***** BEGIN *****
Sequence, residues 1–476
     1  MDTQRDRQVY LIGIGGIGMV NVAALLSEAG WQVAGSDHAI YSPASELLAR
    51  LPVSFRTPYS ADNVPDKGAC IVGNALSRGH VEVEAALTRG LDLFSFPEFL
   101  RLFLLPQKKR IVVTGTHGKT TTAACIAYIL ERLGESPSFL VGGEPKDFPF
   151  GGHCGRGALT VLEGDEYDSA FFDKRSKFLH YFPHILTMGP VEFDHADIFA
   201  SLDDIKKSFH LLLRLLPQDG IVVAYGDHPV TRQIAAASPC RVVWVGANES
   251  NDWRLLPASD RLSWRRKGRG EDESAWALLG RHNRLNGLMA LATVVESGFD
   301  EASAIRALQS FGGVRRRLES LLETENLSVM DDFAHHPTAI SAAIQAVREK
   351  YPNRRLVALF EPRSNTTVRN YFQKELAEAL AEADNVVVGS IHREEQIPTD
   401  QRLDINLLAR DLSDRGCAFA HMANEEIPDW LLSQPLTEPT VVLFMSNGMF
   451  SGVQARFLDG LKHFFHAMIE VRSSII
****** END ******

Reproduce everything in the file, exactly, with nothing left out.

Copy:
Sequence, residues 1–476
     1  MDTQRDRQVY LIGIGGIGMV NVAALLSEAG WQVAGSDHAI YSPASELLAR
    51  LPVSFRTPYS ADNVPDKGAC IVGNALSRGH VEVEAALTRG LDLFSFPEFL
   101  RLFLLPQKKR IVVTGTHGKT TTAACIAYIL ERLGESPSFL VGGEPKDFPF
   151  GGHCGRGALT VLEGDEYDSA FFDKRSKFLH YFPHILTMGP VEFDHADIFA
   201  SLDDIKKSFH LLLRLLPQDG IVVAYGDHPV TRQIAAASPC RVVWVGANES
   251  NDWRLLPASD RLSWRRKGRG EDESAWALLG RHNRLNGLMA LATVVESGFD
   301  EASAIRALQS FGGVRRRLES LLETENLSVM DDFAHHPTAI SAAIQAVREK
   351  YPNRRLVALF EPRSNTTVRN YFQKELAEAL AEADNVVVGS IHREEQIPTD
   401  QRLDINLLAR DLSDRGCAFA HMANEEIPDW LLSQPLTEPT VVLFMSNGMF
   451  SGVQARFLDG LKHFFHAMIE VRSSII